Yoga: A simple way to improve overall health
Yoga can help prevent and manage a variety of chronic diseases
Embracing yoga as a holistic approach can help prevent cancer, boost heart health as well as enable a person live an active and healthy life, said doctors on International Yoga Day on Wednesday.
Various studies have shown the health benefits associated with yoga. A recent study led by the University of Rochester Medical Centre and not peer-reviewed yet, showed that yoga significantly reduced inflammation - a hallmark of cancer that can both promote and constrain tumours, and also lead to spread around the body - among cancer survivors.
Yoga was also found to be better at helping relieve fatigue and maintain quality of life, the researchers found. "Yoga possesses an incredible ability to enhance our overall health and well-being. It can potentially bring about a transformative impact on preventing the risk of cancer. Yoga plays a vital role in diminishing chronic inflammation, alleviating stress, and enhancing blood circulation, thus shielding our bodies against the development of cancer," Dr Ravinuthula V RaghuNandan, Senior Consultant Radiation Oncologist at HCG MNR Cancer Centre, Ongole, Andhra Pradesh, said.
"In addition, profound relaxation through yoga improves sleep patterns, boosts our energy levels, and enhances mental clarity, enabling us to make healthier lifestyle choices. One should embrace yoga as a holistic approach to cancer prevention and empower themselves to actively safeguard their well-being, fostering a life filled with vitality and wellness," he added.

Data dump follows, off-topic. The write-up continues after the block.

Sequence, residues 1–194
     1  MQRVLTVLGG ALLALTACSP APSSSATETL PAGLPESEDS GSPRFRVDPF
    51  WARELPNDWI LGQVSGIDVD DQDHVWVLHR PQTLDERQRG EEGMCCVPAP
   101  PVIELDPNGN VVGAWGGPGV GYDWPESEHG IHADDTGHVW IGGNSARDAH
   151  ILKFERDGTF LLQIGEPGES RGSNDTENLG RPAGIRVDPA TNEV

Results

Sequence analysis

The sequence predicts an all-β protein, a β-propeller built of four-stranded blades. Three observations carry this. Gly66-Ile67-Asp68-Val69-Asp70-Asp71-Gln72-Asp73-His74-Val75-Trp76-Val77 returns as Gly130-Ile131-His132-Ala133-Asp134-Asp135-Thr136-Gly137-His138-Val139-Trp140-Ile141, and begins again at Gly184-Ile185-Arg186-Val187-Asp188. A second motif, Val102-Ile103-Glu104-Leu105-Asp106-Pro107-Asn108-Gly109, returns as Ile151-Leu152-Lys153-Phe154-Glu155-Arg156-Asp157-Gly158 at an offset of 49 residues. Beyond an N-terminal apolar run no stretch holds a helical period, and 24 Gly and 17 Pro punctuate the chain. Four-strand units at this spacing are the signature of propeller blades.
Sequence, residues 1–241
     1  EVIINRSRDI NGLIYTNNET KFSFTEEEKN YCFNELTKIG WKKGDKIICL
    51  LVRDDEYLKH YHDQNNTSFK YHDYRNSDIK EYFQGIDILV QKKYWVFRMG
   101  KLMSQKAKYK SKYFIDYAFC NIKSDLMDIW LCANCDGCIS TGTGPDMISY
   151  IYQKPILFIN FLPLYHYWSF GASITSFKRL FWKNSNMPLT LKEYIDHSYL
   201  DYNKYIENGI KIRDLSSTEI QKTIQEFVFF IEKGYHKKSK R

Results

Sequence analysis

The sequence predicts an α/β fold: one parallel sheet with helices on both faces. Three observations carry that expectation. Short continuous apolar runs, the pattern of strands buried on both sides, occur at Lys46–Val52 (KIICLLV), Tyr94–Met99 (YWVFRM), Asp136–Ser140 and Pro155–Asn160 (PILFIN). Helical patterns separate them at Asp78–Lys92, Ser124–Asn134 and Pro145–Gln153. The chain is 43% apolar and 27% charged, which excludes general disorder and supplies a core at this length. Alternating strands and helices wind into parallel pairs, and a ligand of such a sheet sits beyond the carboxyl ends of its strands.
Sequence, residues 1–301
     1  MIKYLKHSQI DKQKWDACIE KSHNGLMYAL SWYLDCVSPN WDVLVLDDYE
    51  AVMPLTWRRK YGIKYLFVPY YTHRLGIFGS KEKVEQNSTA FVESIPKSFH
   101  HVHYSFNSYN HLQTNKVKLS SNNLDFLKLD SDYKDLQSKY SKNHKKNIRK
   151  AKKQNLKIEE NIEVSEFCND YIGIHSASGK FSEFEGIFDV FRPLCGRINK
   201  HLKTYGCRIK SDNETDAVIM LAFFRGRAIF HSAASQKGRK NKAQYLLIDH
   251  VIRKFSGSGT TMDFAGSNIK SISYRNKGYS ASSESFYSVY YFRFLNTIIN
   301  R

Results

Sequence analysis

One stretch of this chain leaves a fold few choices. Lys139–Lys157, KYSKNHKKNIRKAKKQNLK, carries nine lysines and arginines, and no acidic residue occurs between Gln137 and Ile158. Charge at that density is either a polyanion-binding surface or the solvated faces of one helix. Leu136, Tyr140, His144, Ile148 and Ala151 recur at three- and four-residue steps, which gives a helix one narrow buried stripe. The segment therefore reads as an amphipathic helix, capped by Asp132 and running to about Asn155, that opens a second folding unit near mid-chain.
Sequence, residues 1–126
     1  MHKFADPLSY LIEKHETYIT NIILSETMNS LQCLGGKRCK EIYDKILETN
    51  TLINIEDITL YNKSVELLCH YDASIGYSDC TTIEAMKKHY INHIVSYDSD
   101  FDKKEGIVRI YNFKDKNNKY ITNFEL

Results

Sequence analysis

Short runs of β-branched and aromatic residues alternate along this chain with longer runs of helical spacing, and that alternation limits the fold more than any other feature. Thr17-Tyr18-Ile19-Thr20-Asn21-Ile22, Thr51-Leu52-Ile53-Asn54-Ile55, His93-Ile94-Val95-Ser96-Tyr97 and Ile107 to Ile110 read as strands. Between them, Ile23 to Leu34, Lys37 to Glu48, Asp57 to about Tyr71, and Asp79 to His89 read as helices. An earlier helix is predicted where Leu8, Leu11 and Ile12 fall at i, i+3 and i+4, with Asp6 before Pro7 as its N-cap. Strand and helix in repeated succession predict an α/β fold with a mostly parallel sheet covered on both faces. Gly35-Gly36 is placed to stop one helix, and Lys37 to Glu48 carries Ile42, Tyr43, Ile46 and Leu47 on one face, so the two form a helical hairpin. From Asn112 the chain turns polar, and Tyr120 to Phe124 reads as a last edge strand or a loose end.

Yoga is also known to be beneficial for boosting heart health. A pilot study published in the Canadian Journal of Cardiology, showed that yoga decreased systolic blood pressure and resting heart rate, which reduced 10-year cardiovascular risk.
"All forms of exercise and movement improve metabolism. Yoga, in particular, is a great way to keep your blood pressure and blood sugar levels under check. It is also known to contribute toA arterial relaxation, which is a very significant contribution," Dr. Tilak Suvarna, Senior Interventional Cardiologist at Asian Heart Institute, Mumbai, said.